Now that the city of Ashland doesn't allow pesticides within 50 feet of a creek or playground, it's inviting the public to help with "hands-on weeding," pulling out invasive species and joining in a fun community event at the same time.

Now that the city of Ashland doesn't allow pesticides within 50 feet of a creek or playground, it's inviting the public to help with "hands-on weeding," pulling out invasive species and joining in a fun community event at the same time.

On Saturday from 10 a.m. to noon, residents are invited to put on gloves, grab a hand hoe and join members of the Ashland Artisans Market and plaza shop staff on Calle Guanajuato to remove non-native English ivy, blackberries and Bermuda grass.

The Calle Park, created after devastation from the New Year's Day Flood of 1997, is watered by Ashland Creek, so the modest amount of blackberries will rapidly send out runners and get out of hand unless removed by the root, says city horticulturist Anne Thayer.

The west hillside of the niche park is carpeted with English ivy, which may be esthetic but, like blackberries, is very hardy and aggressive — and loves to climb trees, get under bark and literally choke trees to death, says Marian Telerski, a part-time city horticultural assistant and volunteer.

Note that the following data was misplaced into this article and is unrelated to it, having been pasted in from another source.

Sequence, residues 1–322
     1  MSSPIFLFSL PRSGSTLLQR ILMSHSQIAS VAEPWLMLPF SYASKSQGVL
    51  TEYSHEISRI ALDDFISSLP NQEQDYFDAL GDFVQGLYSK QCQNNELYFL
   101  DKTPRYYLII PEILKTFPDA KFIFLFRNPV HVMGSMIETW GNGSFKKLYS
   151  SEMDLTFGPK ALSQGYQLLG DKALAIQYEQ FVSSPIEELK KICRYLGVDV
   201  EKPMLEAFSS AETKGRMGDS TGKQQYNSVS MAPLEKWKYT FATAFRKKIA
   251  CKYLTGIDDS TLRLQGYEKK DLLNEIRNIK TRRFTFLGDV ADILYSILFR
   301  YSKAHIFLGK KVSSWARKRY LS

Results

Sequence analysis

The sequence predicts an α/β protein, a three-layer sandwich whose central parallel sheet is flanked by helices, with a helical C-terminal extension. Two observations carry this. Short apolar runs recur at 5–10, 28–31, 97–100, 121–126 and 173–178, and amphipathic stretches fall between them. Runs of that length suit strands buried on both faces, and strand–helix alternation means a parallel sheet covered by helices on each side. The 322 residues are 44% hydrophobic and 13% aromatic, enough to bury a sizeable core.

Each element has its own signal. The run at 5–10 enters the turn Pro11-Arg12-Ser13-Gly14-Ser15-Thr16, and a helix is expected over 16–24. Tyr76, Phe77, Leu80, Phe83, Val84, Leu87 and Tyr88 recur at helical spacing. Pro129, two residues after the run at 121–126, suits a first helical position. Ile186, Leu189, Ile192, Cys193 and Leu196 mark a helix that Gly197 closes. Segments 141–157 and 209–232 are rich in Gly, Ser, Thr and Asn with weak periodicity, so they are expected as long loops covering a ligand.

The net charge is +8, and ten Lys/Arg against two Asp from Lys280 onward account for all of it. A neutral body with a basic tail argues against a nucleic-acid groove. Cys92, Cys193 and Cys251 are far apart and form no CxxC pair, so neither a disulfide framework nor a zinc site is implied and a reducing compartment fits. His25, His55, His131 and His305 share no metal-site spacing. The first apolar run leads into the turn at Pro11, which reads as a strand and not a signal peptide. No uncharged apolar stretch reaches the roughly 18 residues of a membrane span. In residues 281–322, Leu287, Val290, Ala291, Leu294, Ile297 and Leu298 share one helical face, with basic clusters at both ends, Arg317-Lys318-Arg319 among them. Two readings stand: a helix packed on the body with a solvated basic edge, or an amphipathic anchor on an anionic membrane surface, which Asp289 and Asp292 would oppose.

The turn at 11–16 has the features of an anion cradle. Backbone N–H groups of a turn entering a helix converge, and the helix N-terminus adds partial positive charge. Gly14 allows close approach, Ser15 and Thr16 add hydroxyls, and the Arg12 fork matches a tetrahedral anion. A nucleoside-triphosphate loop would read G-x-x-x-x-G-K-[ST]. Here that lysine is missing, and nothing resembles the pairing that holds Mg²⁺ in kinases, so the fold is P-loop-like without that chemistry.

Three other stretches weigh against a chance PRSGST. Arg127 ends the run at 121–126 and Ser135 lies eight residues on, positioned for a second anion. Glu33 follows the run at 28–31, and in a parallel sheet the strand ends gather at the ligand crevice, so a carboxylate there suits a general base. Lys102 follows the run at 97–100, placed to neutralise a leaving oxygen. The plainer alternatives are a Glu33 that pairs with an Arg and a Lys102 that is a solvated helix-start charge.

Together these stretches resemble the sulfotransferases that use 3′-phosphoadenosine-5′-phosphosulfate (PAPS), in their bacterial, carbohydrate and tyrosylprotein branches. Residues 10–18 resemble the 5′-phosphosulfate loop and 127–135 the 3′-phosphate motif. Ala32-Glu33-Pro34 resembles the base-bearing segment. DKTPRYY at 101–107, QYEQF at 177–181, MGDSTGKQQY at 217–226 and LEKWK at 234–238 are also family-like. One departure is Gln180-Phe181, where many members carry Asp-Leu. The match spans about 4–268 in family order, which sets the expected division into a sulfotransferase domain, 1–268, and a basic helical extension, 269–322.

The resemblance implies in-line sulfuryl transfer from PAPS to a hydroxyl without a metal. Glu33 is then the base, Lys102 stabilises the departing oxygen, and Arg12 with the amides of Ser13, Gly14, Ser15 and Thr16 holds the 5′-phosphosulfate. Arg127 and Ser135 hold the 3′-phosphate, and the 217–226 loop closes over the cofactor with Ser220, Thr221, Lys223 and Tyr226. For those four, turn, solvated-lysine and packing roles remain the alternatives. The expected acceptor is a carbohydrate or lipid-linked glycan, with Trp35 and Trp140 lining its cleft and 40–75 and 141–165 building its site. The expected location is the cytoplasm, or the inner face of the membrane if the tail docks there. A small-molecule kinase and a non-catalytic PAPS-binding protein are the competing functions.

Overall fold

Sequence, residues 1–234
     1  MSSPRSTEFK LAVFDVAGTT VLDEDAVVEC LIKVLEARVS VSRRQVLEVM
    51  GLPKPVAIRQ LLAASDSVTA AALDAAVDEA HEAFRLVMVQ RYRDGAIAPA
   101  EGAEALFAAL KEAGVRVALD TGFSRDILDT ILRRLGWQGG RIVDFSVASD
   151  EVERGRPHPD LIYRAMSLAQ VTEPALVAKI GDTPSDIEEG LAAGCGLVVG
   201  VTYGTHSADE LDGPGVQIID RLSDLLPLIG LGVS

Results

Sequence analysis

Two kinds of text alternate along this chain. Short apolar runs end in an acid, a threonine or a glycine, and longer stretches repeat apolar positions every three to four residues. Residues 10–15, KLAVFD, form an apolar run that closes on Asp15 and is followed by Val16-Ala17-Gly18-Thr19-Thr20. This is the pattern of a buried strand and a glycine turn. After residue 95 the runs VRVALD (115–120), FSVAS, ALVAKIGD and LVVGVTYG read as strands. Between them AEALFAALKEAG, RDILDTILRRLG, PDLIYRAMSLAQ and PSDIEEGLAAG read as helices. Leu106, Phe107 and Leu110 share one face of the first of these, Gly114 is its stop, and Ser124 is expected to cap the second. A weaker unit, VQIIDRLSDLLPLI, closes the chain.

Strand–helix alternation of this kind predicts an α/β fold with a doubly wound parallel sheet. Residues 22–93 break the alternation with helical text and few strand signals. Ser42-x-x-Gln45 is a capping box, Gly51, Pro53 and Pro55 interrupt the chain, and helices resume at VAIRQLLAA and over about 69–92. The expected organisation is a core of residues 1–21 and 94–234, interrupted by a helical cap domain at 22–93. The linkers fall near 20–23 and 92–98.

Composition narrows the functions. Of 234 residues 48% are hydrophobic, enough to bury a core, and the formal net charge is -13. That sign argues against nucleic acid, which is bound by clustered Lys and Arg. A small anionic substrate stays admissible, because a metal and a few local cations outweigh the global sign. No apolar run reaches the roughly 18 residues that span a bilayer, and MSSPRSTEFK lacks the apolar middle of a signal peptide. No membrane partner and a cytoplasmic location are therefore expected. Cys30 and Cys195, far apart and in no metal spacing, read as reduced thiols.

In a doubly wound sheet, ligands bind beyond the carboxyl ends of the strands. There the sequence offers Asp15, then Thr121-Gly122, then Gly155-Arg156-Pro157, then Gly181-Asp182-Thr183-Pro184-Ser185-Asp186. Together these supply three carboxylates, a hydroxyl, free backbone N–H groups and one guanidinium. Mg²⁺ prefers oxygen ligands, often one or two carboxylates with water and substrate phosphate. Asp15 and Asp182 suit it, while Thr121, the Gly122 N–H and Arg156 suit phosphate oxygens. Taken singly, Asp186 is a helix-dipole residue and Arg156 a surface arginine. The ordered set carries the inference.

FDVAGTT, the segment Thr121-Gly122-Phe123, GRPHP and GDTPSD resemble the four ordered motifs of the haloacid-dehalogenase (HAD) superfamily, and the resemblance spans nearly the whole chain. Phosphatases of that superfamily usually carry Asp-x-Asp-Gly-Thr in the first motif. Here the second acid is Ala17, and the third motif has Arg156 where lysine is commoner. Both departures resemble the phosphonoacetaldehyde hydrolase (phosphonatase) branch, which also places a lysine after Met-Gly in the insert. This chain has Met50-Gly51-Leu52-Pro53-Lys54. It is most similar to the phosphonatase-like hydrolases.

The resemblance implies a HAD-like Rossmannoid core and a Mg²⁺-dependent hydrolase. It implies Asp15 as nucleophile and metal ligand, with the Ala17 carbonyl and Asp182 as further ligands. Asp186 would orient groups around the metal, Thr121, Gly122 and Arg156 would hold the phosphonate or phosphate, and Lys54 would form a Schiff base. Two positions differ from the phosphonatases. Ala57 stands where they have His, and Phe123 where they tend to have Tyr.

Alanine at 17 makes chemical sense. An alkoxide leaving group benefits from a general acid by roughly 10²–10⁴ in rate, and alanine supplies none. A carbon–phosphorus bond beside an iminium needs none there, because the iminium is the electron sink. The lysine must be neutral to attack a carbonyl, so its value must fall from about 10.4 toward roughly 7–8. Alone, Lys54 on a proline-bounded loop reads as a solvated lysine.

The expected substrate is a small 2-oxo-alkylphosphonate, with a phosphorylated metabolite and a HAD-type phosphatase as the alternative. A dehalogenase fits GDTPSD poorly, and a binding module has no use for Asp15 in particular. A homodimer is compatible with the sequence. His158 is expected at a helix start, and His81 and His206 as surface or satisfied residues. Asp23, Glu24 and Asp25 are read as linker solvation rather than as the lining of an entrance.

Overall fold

With a flick of the wrist, she pulls a long runner off a deciduous tree, noting, "It'll grow back quickly."

The Bermuda grass, burgeoning amid city-planted vegetation, comes in with soil, says Thayer, and, like most invasive plants, can't be completely eradicated — only kept under control. Seeds from blackberries and ivy get spread rapidly in bird dung, she adds.

A new policy banning synthetic pesticides within 50 feet of streams, playground and community gardens, was adopted this week by the city Parks and Recreation Commission.

It also adopted a policy for parks of using only organic fertilizers — those containing non-synthetic ingredients, such as citric juices, vinegar and castor oil, says Lori Ainsworth, the Parks and Recreation Department's new volunteer coordinator.

She organized the cleanup, which will include litter pickup and the laying of 30 yards of bark dust on trails.

The public is also invited to a cleanup of Scenic Park, just west of Maple Street, from 10 a.m. to noon on Saturday, March 12.

"With city parks becoming pesticide-free, this is an opportunity for people to keep ownership of parks," says Ainsworth."

The Parks and Recreation Department will soon have a map of parks that are pesticide-free.

John Darling is a freelance writer living in Ashland. E-mail him at jdarling@jeffnet.org.